Avoiding the Bait & Switch in Workamping

Workampers use this term to indicate that an Employer promised one thing, but then changed it when they arrived. In some cases, deception is involved so it can be rightfully called “bait and switch.” Other cases are less clear cut.

by Jaimie Hall Bruzenak

This article comes from an issue of Workamper News magazine. COPYRIGHT by Workamper News. IT IS A VIOLATION OF U.S. COPYRIGHT LAW TO PUBLISH, POST, BROADCAST OR PHOTOCOPY ANY PORTION OF THIS PUBLICATION.

An unfortunate topic in the Workamper community is “bait and switch.” In the retail world, bait and switch is when a store advertises a low cost item, but when the consumer arrives, it is “sold out” or the salesperson tells them that it is cheaply made, “buy this better (more expensive) model.”

Workampers use the term to indicate that an Employer promised one thing, but then changed it when they arrived. In some cases, deception is involved so it can be rightfully called “bait and switch.” For example, at one time, several Workampers have mentioned that one RV park corporation regularly hired people as managers. When they arrived for the job, they were told there were no management positions, but there were positions for hourly workers. It appeared to be a case of deliberately deceiving applicants to get motivated Workampers.

Other cases are less clear cut. It is not uncommon to come to an agreement and then find that some things have changed once you have arrived. The owner or manager may not have deliberately misled the Workamper; things really have changed. Perhaps fewer Workampers showed up, the manager didn’’t think through what she really needed, or visitation numbers have changed.

Preventing Surprises

1. Research the company and find out what other Workampers have experienced. This can give you points to clarify in your interview as well as weed out any Employers who have consistently changed their agreements.

Workamper News [Workamper.com] provides 3 avenues to help Workampers research an Employer and connect with Workampers who are working or have worked there. Workamper Experience postings are linked right with the ads in the Hotline system.

2. Get answers to all your questions about the job, compensation, and your RV site. Often job descriptions include the phrase “and other duties as required.” If you have a task or an aspect of the job that you will not do or must have, the interview is the time to discuss it. Don’’t assume that because it doesn’’t come up you don’’t have to worry about it. If you will not go up on roofs, cannot lift over a certain weight or need to sit down periodically, make sure the boss knows. If you want to be certain you have the same days off together, let the manager know this is non-negotiable. If you can’t get agreement, you should look elsewhere.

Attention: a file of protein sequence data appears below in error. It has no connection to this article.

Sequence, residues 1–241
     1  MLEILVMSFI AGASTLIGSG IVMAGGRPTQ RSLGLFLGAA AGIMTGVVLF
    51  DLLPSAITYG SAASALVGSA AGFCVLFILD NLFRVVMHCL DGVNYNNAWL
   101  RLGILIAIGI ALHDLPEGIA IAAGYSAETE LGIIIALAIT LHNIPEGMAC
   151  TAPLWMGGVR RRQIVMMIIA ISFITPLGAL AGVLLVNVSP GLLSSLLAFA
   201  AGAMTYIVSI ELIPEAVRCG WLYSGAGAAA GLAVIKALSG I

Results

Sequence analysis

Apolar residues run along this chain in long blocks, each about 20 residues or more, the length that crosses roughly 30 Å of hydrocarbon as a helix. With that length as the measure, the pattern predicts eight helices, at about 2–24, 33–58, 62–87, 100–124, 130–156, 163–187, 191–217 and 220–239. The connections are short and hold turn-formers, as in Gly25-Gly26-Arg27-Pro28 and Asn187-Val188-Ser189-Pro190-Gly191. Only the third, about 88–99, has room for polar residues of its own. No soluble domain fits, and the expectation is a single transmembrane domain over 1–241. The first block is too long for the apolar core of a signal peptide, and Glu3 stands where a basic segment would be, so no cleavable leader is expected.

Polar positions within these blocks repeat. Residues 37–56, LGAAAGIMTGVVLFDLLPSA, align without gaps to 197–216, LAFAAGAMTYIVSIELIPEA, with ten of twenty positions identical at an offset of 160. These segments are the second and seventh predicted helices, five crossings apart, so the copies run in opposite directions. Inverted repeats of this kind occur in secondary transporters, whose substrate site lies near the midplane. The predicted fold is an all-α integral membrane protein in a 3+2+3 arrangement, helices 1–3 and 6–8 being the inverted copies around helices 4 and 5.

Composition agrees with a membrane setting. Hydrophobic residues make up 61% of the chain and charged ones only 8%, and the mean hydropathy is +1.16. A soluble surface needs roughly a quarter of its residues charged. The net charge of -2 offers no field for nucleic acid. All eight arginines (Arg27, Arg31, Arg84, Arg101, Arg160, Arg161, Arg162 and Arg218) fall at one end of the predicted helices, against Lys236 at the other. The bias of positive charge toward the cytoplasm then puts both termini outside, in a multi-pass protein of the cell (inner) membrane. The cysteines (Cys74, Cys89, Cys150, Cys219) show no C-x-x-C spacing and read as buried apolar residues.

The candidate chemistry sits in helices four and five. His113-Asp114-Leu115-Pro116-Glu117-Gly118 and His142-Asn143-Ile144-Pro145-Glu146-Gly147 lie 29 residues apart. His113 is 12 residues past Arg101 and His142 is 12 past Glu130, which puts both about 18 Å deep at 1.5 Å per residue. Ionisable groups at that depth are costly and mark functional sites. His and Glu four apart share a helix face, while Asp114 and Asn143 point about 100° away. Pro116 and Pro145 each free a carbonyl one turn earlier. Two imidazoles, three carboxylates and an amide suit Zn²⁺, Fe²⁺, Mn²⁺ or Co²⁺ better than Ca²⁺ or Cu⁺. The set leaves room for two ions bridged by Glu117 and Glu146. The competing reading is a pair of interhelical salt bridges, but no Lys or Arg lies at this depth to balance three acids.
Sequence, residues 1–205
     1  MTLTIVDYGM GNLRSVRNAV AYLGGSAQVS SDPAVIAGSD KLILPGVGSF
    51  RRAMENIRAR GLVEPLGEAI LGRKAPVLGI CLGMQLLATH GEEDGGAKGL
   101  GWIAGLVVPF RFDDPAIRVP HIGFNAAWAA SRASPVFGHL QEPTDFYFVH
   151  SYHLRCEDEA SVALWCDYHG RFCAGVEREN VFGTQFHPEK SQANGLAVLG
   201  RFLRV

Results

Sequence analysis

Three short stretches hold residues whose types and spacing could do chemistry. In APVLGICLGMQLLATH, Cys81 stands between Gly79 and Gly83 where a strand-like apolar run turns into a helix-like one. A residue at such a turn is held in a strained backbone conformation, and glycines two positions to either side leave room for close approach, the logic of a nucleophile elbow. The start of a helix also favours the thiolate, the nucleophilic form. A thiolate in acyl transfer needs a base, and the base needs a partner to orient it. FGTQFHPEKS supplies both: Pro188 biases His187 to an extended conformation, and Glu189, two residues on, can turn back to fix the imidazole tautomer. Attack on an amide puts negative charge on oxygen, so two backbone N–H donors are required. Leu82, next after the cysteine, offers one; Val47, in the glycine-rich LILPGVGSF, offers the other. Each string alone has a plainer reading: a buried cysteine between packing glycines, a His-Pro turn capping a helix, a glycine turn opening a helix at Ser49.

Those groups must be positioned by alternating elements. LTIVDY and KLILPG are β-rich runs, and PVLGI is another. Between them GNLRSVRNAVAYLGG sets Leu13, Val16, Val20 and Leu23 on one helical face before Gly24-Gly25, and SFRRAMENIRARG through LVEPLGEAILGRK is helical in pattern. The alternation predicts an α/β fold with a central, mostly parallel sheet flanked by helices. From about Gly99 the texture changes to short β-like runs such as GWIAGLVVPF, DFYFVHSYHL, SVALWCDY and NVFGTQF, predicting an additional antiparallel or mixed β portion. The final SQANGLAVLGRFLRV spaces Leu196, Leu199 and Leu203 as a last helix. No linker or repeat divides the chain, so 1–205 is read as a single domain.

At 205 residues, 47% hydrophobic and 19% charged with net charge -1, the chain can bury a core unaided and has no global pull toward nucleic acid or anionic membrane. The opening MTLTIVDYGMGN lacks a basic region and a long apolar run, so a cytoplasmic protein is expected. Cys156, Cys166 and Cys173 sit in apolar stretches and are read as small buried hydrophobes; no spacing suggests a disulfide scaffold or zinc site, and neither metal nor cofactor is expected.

Make sure you understand fully what is said. For example, one Workamper thought they would be working 40 hours/week. In reality, they would have 40 hours if available, but several things could affect how much work there was. Ask for clarification— on what could affect your hours.

I recommend getting your agreement in writing. By going over all the points you want to include in your agreement, you are more likely to get a definite answer.

3. Verify that nothing has changed before heading to the job. A Workamper made a commitment several months in advance. They periodically checked with the manager. Before driving 1,200 miles, they talked to him again, found out the manager was leaving the corporation and that certain things they’’d discussed might not be honored. The Workamper talked to someone at headquarters; they ended up backing out because their agreement would have been changed.

Another situation can arise. You are interviewed by one person, but will work for another who may not be on the same page. One Workamper arranged to volunteer at a wildlife refuge in Arizona. The volunteer coordinator said they needed someone to operate heavy equipment and grade the roads. The Workamper checked ahead of time, even drove down for a day to confirm. After he had his rig set up and talked to the maintenance fellow he’’d be working with, he found out the maintenance man’’s ideas were totally different; he wanted the Workamper to spend the winter cleaning the garage. The Workamper declined.

If you are going to be reporting to someone else and not the hiring official, ask to talk your direct supervisor and make sure your agreements will be honored.

Most situations where things change on the job aren’’t bait and switch. Things have changed since you initially interviewed for the job. The boss hadn’’t determined exactly how he was going to utilize his workers and didn’’t know who was coming back. He realized at the last minute he had no one for a certain task, or perhaps another Workamper negotiated an agreement where he didn’’t have to do that task so that leaves you.

Dealing With Changes

If you find that has happened, ask for a meeting right away. Don’’t let time pass because, in effect, you are agreeing to the change. Try to work something out that is a win-win situation. Remember, though, that Employers have a business to run; they may not be able to give on that point. If something that was central to your agreement has changed and you can’’t work out an equitable solution, you have to decide whether to continue to work there or to leave.

For consumers, the saying goes, “Buyer beware.” In Workamping, it is up to the Workamper to investigate and to ask questions so there are little-to-no surprises.


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